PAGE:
Two executives who were publicly excoriated over Wells Fargo's opening of millions of bogus accounts must give back millions more dollars in pay, the bank's board announced Monday. The board is clawing back an additional $47 million from Carrie Tolstedt, who headed the troubled sales division, and $28 million from former CEO John Stumpf.

Stumpf "was too slow" to see problems in sales practices that brought an $185 million punishment from the Consumer Financial Protection Bureau, the board says. It added that he also failed to protect the bank's reputation from what the CFPB has called "the widespread illegal practice of secretly opening unauthorized deposit and credit card accounts."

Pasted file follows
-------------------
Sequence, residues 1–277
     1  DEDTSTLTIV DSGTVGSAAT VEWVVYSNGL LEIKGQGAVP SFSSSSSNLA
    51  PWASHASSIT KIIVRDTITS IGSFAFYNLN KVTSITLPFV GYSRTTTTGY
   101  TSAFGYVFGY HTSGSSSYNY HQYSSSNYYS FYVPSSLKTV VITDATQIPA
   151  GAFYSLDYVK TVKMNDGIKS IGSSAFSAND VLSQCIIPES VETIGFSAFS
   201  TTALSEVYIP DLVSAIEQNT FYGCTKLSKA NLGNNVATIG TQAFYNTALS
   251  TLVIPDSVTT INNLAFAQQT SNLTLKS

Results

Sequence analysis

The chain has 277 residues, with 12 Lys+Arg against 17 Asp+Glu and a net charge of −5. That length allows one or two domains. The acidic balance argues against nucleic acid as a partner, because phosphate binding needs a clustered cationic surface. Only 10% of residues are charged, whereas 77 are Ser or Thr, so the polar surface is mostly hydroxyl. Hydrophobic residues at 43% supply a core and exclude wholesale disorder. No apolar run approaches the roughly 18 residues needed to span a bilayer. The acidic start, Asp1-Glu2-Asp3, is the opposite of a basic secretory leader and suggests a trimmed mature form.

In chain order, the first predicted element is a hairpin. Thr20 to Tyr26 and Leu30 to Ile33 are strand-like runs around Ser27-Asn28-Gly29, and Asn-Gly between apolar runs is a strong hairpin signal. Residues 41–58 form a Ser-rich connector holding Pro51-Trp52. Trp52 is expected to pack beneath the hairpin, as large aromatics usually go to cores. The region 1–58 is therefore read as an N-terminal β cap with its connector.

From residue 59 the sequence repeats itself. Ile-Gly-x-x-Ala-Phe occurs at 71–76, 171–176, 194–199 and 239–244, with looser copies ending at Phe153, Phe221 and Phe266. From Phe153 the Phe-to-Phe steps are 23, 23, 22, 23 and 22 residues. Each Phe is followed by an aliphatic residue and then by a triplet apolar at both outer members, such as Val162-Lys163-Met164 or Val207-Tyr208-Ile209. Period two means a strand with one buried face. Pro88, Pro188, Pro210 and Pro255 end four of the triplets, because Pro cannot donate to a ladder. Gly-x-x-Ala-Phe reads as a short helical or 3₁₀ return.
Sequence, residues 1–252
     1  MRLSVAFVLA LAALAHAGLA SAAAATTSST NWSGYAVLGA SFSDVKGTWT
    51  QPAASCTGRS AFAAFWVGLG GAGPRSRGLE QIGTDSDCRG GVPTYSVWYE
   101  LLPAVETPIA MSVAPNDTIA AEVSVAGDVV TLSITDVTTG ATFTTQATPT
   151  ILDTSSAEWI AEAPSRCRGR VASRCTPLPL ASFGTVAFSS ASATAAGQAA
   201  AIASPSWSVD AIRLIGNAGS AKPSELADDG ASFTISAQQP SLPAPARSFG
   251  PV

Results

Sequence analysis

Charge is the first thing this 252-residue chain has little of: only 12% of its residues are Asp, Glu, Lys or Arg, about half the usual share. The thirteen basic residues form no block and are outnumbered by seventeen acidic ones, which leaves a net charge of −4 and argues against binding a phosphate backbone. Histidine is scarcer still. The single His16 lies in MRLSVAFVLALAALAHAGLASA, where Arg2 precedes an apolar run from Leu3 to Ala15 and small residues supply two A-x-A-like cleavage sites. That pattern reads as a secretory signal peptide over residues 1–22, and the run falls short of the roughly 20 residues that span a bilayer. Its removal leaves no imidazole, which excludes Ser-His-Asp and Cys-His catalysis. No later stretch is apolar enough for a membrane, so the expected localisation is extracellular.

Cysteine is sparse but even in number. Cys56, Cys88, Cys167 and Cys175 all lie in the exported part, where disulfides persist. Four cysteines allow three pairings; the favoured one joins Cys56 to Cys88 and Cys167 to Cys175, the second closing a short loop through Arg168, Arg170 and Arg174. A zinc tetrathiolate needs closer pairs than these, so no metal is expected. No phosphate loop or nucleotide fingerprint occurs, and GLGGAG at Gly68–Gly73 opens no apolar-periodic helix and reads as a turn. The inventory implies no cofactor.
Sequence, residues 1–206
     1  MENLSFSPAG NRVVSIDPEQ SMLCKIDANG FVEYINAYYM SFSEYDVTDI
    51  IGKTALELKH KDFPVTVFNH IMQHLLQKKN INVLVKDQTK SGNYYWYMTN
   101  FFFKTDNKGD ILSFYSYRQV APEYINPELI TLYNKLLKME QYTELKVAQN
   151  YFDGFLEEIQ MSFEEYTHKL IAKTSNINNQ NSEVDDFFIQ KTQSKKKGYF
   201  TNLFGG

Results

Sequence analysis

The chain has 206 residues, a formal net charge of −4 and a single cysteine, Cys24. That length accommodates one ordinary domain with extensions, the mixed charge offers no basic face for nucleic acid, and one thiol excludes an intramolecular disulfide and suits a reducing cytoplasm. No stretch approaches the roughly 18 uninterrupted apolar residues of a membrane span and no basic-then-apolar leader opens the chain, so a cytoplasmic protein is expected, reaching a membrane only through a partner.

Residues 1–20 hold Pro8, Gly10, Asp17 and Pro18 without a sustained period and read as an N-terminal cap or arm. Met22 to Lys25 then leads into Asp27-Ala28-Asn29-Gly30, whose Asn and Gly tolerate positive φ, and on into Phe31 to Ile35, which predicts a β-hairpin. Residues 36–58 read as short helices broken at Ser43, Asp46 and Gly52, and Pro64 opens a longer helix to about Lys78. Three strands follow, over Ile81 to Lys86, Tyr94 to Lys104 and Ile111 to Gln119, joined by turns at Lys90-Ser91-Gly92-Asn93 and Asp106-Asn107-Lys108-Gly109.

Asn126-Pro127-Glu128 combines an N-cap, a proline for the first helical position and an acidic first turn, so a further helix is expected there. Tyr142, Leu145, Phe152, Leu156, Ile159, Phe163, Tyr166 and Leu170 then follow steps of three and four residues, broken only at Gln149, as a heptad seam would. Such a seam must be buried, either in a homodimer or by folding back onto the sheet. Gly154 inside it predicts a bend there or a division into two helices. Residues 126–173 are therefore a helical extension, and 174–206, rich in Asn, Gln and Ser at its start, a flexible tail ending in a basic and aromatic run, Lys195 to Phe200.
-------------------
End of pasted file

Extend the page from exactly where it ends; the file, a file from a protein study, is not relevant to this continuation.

Both Stumpf and Tolsedt had previously been forced to return tens of millions of dollars. With the new clawbacks, Wells Fargo's board says, the bank has now recovered more than $180 million in executive compensation over the scandal.

Of that total, $69 million has come from Stumpf and $67 million from Tolstedt, the bank says. Stumpf resigned in October of 2016.

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